Manne grew up in the shadow of the Holocaust, having lost his grandparents to the Nazi horror. This linked him instinctively to the politics of the left. After the war, however, when other young left activists were blindly defending Stalin and Mao, Manne looked to the evidence and saw evil – thus commencing his pilgrimage to the anti-communist right. Fifteen years ago he broke from this neoconservative cadre on another matter of historical record, the tragedy of the stolen generations.
Today Manne is still crusading from a left-of-centre position. Rare among Australian academics, he is willing to take a stance in the public arena and wear the opprobrium that comes from controversy. His new blog on The Monthly ’s website is true to these values. I find his work to be irresistibly rational, especially on the pre-eminent issue of our time, climate change.
Late last year Manne blogged on the question that should be troubling all intellectuals: how has the hard evidence of modern science been so thoroughly undermined that action against global warming is now an unpopular position in Australian politics? Manne calls it “the mysterious rise of climate change denialism”.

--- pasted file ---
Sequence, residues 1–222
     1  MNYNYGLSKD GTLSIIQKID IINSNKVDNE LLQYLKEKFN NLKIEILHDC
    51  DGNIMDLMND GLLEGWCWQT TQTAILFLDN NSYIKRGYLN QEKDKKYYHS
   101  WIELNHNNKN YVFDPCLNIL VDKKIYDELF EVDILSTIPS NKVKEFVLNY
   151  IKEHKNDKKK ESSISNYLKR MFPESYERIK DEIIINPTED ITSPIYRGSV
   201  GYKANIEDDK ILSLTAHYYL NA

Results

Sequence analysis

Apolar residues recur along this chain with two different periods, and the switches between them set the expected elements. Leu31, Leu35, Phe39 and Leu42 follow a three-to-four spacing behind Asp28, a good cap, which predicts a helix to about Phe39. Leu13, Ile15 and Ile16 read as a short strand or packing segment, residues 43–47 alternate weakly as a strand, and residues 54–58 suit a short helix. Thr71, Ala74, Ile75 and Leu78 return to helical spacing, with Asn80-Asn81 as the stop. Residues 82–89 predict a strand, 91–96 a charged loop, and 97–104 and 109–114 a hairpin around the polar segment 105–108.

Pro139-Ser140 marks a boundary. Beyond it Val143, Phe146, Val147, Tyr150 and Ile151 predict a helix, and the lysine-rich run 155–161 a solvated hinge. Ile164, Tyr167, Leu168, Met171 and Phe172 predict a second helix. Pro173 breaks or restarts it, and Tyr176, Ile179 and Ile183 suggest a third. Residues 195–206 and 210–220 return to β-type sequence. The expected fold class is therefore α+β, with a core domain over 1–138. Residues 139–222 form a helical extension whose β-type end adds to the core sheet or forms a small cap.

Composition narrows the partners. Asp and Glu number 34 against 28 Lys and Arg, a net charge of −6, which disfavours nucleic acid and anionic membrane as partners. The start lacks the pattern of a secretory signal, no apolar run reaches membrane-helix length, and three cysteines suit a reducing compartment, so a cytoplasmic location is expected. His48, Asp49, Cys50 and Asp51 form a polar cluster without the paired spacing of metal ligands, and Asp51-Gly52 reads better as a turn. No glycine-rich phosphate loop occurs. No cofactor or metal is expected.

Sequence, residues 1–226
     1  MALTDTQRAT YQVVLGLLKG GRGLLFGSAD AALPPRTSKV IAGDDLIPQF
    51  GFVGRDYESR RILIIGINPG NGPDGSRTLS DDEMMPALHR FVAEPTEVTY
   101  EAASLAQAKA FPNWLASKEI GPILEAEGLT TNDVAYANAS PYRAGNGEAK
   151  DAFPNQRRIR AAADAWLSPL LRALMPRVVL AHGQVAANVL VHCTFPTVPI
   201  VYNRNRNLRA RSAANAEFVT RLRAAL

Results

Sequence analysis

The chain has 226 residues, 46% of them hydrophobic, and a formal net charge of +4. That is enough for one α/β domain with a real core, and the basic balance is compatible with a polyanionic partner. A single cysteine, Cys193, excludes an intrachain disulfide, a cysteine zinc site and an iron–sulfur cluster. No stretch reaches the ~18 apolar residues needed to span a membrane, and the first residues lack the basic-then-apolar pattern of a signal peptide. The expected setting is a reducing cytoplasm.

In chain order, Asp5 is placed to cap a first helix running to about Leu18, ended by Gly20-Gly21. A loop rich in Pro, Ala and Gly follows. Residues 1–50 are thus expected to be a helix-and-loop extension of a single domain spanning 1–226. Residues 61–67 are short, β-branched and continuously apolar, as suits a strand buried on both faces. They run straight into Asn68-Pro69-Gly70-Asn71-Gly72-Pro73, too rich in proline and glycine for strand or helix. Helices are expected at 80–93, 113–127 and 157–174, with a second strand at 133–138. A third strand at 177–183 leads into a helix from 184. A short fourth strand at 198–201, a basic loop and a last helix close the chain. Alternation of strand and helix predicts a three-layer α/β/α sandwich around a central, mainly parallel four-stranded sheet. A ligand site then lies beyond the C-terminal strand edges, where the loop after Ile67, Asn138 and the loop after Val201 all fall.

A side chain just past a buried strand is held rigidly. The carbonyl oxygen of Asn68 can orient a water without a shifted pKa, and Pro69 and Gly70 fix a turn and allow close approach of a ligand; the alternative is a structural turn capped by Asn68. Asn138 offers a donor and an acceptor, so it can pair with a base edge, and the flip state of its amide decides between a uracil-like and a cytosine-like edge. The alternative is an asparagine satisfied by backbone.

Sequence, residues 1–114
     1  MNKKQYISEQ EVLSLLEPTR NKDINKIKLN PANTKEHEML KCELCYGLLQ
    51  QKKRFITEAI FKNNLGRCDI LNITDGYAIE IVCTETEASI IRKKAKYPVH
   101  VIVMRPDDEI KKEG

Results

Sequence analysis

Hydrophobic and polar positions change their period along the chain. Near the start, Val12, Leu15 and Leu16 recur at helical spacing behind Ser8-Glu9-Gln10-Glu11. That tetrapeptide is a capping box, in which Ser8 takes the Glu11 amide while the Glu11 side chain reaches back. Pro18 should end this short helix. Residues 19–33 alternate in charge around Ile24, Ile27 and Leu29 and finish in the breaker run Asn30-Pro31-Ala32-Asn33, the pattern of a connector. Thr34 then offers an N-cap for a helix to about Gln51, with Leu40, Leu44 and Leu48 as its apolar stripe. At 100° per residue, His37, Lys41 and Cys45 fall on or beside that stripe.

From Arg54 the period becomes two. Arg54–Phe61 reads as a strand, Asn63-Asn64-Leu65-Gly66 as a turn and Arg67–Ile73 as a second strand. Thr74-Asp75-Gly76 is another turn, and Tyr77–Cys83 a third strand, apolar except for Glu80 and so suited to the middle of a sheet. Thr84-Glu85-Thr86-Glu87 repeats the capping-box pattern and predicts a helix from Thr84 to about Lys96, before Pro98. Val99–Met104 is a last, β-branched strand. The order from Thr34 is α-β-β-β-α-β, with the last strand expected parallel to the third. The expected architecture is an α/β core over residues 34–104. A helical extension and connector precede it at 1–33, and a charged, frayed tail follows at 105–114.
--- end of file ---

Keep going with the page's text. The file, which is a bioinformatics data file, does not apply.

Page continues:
I share this concern, not from the standpoint of academia, but from talking to people where I live in south-west Sydney, a typically consumer-inclined and aspirational community. It is difficult to find anyone who believes in global warming, let alone the legitimacy of collective action against the problem. Denialism is on the rise, creating a sharp paradox in the formation of public opinion.